Humility is God's Anesthesia. Where humility reigns so does trust in the mercy of God. This trust goes a long way toward smoothing the path of life. Though the humble may suffer as much as other people, they are not as troubled by it. Their hearts stay peaceful.

Those who "pick" on themselves are playing God. It's like saying to God, "I know what's wrong with me more than you do." Which isn't true, of course. He knows us through and through. No aspect of your being is hidden from Him. The difference between  accusing ourselves and the Holy Spirit's conviction of sin is like night and day. Some of the signs to watch out for are these:

Scrupulosity - Definitely not of God.
Confusion over sins - The Holy Spirit brings clarity.
Despair or hopelessness - Satan's doing the accusing here.
Depression - This is an odd one. We know there are cases of physical depression so this is a bit harder to discern but depression can have spiritual roots as well. For those who don't normally battle depression this can be a clear sign that we are trying to "outrun" the Holy Spirit rather than waiting for His light.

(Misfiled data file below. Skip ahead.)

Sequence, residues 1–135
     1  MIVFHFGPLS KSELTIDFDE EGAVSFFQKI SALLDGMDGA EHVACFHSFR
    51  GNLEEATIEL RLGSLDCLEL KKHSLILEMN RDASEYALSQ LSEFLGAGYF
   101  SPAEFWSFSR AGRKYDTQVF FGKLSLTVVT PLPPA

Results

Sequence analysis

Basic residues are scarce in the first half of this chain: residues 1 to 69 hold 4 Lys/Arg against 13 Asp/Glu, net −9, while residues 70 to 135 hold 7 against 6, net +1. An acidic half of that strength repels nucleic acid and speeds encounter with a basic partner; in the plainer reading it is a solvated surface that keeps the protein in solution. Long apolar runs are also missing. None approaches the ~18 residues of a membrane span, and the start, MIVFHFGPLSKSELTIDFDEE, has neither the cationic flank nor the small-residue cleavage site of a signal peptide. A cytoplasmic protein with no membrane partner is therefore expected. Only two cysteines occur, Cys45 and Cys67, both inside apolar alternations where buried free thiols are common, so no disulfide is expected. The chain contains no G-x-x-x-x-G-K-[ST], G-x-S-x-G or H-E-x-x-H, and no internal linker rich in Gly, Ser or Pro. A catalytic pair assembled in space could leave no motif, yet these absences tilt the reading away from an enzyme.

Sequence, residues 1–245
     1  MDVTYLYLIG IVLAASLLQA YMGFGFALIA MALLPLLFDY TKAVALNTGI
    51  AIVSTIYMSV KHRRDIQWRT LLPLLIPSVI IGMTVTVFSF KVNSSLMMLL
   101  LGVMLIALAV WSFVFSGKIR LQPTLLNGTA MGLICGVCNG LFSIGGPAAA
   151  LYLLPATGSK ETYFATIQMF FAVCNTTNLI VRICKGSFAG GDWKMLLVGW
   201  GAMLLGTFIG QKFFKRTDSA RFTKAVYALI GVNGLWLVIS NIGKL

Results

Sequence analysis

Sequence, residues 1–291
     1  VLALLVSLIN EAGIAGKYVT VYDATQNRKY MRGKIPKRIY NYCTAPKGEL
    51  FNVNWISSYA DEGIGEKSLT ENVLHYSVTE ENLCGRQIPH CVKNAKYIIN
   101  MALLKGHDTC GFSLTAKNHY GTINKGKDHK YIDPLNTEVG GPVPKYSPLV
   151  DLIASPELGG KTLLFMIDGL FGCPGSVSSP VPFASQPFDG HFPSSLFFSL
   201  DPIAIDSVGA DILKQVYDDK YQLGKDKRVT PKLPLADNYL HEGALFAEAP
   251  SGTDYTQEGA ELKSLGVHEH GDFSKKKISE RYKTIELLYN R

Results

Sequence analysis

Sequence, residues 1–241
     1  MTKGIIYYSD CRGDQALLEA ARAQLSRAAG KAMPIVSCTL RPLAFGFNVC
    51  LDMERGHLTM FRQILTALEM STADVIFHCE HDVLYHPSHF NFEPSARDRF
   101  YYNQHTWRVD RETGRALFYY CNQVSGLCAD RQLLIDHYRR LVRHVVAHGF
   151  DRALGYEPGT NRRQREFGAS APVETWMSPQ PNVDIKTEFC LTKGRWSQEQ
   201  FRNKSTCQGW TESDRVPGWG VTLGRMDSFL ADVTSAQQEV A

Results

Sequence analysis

Frustration - "This is ridiculous! It's impossible not to sin!"  Well, of course. And God well knows this. Even the saints fell.

When we see these things at play then we know it's a good time to step back and reevaluate our spiritual lives. The signs I mention above are good clues that we have not yet ceded control of our lives over to God and are depending on our limited human understanding rather than the wisdom that comes from above.

 When I catch myself acting as my own "judge and jury" I try to put a check on it before I get carried away and  I turn my focus toward God instead. (And I learned this the hard way!) I have come to the realization that it's always best to wait for the Holy Spirit to bring things to light because He is far gentler than we are. Trying to outrun the Holy Spirit almost always leads to a lack of peace and joy. It's important that we accept ourselves, wherever we are in our spiritual walk. God is patient and we should be as well.